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Sports Media

Special rivalry gets national exposure

By Nancy Marrapese-Burrell
Globe Staff / November 21, 2008
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Rich Ackerman has been in the media business for two decades, but he'll experience a first tomorrow when he does play-by-play for the Harvard-Yale football game on Versus.

The broadcast of the 125th meeting between the Ivy League teams, which airs at noon from Harvard Stadium, will feature footage of the most memorable moments in the rivalry, including a segment commemorating the 40th anniversary of the 29-29 tie. Versus will show interviews of seniors on both squads describing what the game means to them and its relevance to the league title this season.

Four schools still have a shot at the Ivy crown. Harvard and Brown are tied at 5-1, with Brown hosting Columbia at 1 p.m. If both teams win, they will share the title. Yale and Cornell are tied for second at 4-2, and it's possible the season could end with a four-way tie for first.

"You just feel the tradition, you feel how much it means to the people involved with it and it's really something special to be a part of," said Ackerman, who will be joined by color analyst Dale Hellestrae and sideline reporter Bob Harwood. "This is probably one of the bigger events I'll ever do and I'm very happy to be a part of it. You definitely feel very fortunate.

"It's the 25th time that this game has had a bearing on the Ivy League title. To have 25 situations where it has a bearing on the title, that's really fortunate. That goes to show you how special the two schools are. It really is amazing how often it has come down to this game."

Even with the ongoing success of the local professional franchises in this area, Ackerman believes there is still plenty of appreciation left for the tradition of Harvard-Yale.

"I certainly think it gets its due from the people involved, the alumni and the people from the respective institutions," said Ackerman. "In general, it might, on a national level, not get the respect that it deserves. Once you are around the two schools, you're around the coaches and around the athletes, you really say, 'These people involved all deserve more credit for what they go through.' They do it with class, they're successful."

For most, if not all, of the seniors, their football careers will be over after the game. Ackerman said that, too, is part of what makes the game so special.

"[Harvard coach] Tim Murphy said it best," said Ackerman. "He said, 'None of these kids need football. They could walk away at any time and, yet, they're the first ones there to open up the weight room. They're there at 5:30 a.m. in the offseason, in the middle of February, they're walking across the Charles River in subzero temperatures to get to the weight room and they're out there because they love it.' "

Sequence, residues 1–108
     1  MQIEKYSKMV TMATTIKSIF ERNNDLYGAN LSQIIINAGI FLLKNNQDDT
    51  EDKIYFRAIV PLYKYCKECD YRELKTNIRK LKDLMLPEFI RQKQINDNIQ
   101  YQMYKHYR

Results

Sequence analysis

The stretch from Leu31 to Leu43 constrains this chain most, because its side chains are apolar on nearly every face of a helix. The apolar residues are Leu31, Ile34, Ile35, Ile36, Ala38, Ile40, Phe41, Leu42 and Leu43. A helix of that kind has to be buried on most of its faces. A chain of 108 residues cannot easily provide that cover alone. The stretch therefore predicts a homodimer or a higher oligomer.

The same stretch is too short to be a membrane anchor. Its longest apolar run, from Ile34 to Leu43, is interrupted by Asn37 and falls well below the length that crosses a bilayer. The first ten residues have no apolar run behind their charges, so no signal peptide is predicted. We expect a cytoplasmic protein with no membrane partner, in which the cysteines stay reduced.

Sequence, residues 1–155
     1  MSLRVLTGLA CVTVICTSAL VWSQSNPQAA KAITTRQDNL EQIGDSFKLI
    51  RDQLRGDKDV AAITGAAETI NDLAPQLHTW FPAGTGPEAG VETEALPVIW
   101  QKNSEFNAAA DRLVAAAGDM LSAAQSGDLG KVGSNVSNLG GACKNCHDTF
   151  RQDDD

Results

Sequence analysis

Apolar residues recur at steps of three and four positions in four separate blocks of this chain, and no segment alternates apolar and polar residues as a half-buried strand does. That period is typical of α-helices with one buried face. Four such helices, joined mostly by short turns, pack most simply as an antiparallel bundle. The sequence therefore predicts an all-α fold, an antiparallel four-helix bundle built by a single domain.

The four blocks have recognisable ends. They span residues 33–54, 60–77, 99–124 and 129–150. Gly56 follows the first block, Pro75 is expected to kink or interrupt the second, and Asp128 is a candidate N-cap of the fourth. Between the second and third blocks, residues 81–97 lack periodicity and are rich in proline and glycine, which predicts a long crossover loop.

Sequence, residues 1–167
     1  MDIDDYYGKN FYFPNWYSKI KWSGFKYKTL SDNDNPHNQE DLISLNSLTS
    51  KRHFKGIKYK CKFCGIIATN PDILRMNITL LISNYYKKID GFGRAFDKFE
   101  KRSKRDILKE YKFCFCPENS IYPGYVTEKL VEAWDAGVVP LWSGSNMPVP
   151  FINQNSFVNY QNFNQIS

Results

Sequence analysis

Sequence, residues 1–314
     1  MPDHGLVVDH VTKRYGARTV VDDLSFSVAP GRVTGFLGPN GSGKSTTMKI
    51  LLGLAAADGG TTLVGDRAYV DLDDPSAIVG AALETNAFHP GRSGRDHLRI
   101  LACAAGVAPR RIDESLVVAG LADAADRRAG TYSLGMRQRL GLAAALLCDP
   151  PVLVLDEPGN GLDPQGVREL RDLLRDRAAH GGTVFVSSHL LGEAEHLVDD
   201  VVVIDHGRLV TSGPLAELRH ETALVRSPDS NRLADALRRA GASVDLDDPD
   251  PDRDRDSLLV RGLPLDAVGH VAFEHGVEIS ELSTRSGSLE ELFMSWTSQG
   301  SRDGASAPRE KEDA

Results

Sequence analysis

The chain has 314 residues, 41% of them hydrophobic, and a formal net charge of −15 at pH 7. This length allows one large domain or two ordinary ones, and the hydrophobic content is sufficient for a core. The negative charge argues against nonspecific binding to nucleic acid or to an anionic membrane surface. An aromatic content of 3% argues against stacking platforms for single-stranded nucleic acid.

Ackerman said the Harvard-Yale contest represents everything positive about college sports.

"There are so many great stories about the players on these two teams," said Ackerman. "I wish it would get more exposure. Obviously, we're a national television audience but I wish it would be more to the forefront. We bemoan the fact that college athletics and professional athletics are about big money. These kids are basically what it's all about, going to school and getting a marvelous education and playing at a high level. It really is the definition of student-athlete. Ninety-nine percent of them, eventually it's going to be their last game. Hopefully, we see a future president come out of this game, you never know."

Expanded appeal

CBS announced this week it was making its college sports network (CBSCS) available to more homes through Comcast markets in Boston, Atlanta, and Minneapolis, beginning this month. It will now be part of Comcast's Digital Classic Level. The programming includes regular-season and postseason games, in-studio shows, documentaries, and features. "We are excited to offer fans throughout these Comcast markets greater access to the most comprehensive high-definition coverage of live college games and events," said Steve Herbst, the network's executive vice president and general manager . . . On Tuesday night, "Real Sports with Bryant Gumbel" (HBO, 10 p.m.) will air a feature on Andrew Lawson, a three-sport athlete at Norwell High School who has Down syndrome. Correspondent Frank Deford talks to Lawson about how his family, school, and friends made a difference in his life and helped him achieve his dreams.

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